SOPhiA 2017

Salzburgiense Concilium Omnibus Philosophis Analyticis

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Programme - Talk

Freedom and causality in the Block Universe
(Metaphysics and Ontology, English)

A In this paper I will attempt to defend Carl Hoefer's compatibilist account of free will and determinism that is expounded in his article "Freedom from the Inside Out" (2002. Royal Institute of Philosophy, pp 201-222) I will answer the criticisms brought by Jason Brennan in the article "Free Will in the Block Universe" (Philosophia (2007) 35: 207.) and will show that these can be addressed adequately without changing the core ideas of Carl Hoefer in his compatibilist account of free will and determinism.
Hoefer maintains that the problem of free will is closely related to our understanding of time. He alludes to McTaggart's distinction of the two times: A series time and B series time. Assuming the A series time, we believe that the past is fixed and that a past time slice will determine all future time slices and our actions in the present. Hoefer proposes that we conceive time as a B series in a Block universe. Then determinism will not privilege one particular time slice as the absolute determiner of all the rest of the time slices. In this Block universe, our actions are free , because they are parts of time slices that act as determiners of others.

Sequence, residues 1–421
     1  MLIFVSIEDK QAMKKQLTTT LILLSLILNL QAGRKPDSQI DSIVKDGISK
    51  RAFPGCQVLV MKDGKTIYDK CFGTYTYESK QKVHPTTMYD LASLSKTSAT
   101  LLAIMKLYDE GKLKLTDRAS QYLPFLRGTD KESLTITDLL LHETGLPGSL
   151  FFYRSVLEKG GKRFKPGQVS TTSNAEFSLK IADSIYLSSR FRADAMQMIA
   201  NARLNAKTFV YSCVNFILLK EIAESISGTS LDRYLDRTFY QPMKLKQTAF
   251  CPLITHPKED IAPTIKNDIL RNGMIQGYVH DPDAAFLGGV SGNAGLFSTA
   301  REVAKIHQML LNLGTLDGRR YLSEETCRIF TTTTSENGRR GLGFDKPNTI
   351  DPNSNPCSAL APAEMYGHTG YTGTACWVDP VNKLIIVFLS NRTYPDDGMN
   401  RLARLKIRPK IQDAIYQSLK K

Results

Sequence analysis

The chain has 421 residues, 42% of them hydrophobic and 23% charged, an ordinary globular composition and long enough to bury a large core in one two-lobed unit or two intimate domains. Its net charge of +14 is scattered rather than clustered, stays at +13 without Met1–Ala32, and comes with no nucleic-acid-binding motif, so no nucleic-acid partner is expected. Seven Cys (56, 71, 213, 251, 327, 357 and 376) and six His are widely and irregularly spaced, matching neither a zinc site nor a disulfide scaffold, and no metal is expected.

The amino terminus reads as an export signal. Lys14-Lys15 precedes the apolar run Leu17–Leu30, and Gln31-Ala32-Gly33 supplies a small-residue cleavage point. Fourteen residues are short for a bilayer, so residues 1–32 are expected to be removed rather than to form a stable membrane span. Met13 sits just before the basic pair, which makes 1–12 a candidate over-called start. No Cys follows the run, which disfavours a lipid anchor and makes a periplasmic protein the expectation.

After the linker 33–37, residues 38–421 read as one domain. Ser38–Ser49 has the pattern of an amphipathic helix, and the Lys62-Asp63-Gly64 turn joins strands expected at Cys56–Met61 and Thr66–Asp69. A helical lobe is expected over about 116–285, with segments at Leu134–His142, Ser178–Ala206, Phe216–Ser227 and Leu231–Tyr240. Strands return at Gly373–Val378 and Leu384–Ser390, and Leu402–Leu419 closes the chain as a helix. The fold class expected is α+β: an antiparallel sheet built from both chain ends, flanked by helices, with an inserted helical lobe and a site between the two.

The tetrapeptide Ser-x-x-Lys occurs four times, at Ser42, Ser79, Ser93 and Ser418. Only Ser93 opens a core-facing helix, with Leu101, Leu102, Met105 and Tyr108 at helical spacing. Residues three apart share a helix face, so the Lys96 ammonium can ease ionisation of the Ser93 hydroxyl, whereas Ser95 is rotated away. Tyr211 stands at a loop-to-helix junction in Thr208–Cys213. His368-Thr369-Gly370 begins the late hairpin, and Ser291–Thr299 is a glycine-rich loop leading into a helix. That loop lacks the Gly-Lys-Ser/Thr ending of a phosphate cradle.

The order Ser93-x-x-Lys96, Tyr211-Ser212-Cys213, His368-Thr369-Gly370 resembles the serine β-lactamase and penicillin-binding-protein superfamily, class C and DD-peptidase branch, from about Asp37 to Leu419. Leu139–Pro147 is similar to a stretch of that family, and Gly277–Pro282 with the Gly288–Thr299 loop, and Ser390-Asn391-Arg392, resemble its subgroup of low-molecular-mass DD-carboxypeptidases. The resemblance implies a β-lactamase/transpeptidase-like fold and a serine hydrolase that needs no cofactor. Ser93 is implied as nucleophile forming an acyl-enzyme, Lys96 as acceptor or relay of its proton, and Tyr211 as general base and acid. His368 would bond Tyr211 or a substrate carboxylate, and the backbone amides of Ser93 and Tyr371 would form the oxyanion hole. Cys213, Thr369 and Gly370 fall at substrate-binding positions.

Brennan brings two criticisms. Firstly, we have an asymmetry regarding the causal efficacy of our actions. Hoefer seems to suggest that we have just as much causal efficacy towards the future as we have towards the past which would make our freedom either inexistent or very small.
Secondly, we ought to see our actions in the Block universe as random occurrences or brute facts, in which case they would not be free. Agent causation theory may be the solution here, but it would make Hoefer's account useless.
I argue that Brennan confuses causal efficacy with deterministic relations in the article. Causation and determinism are to be viewed as separate issues. I propose that the introduction of a Kantian influenced agent causation theory will solve these issues without making Hoefer's thesis irrelevant.

Chair: Petter Sandstad
Time: 14:35-15:05, 15 September 2017 (Friday)
Location: SR 1.003

Bogdan Andrei Dumitrescu 
(University of Bucharest, Romania)

I am a BA student at the Faculty of Philosophy of the University of Bucharest, Romania. I have started the studies in 2015 and I will graduate in June 2017. My research interests are in the fields of metaphysics, ontology, epistemology and meta-ethics. My main focuses are on the problem of free will, determinism, causality, abstract entities and on emotivism in meta-ethics. I am currently working on my Bachelor dissertation.

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